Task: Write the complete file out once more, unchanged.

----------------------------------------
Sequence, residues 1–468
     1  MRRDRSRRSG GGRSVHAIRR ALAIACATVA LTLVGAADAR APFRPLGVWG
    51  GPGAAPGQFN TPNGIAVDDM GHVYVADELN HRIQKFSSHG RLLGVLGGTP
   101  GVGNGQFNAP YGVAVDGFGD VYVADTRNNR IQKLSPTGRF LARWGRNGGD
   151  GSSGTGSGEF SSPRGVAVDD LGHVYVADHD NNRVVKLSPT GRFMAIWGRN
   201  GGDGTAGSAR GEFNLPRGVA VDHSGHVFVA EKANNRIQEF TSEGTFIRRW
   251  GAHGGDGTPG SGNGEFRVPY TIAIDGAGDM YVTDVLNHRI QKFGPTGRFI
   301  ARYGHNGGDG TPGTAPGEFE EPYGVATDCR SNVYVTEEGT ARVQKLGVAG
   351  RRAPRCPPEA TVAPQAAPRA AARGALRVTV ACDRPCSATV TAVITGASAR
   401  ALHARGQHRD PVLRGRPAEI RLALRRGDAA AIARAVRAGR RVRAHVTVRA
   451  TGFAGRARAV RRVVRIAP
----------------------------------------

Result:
Sequence, residues 1–468
     1  MRRDRSRRSG GGRSVHAIRR ALAIACATVA LTLVGAADAR APFRPLGVWG
    51  GPGAAPGQFN TPNGIAVDDM GHVYVADELN HRIQKFSSHG RLLGVLGGTP
   101  GVGNGQFNAP YGVAVDGFGD VYVADTRNNR IQKLSPTGRF LARWGRNGGD
   151  GSSGTGSGEF SSPRGVAVDD LGHVYVADHD NNRVVKLSPT GRFMAIWGRN
   201  GGDGTAGSAR GEFNLPRGVA VDHSGHVFVA EKANNRIQEF TSEGTFIRRW
   251  GAHGGDGTPG SGNGEFRVPY TIAIDGAGDM YVTDVLNHRI QKFGPTGRFI
   301  ARYGHNGGDG TPGTAPGEFE EPYGVATDCR SNVYVTEEGT ARVQKLGVAG
   351  RRAPRCPPEA TVAPQAAPRA AARGALRVTV ACDRPCSATV TAVITGASAR
   401  ALHARGQHRD PVLRGRPAEI RLALRRGDAA AIARAVRAGR RVRAHVTVRA
   451  TGFAGRARAV RRVVRIAP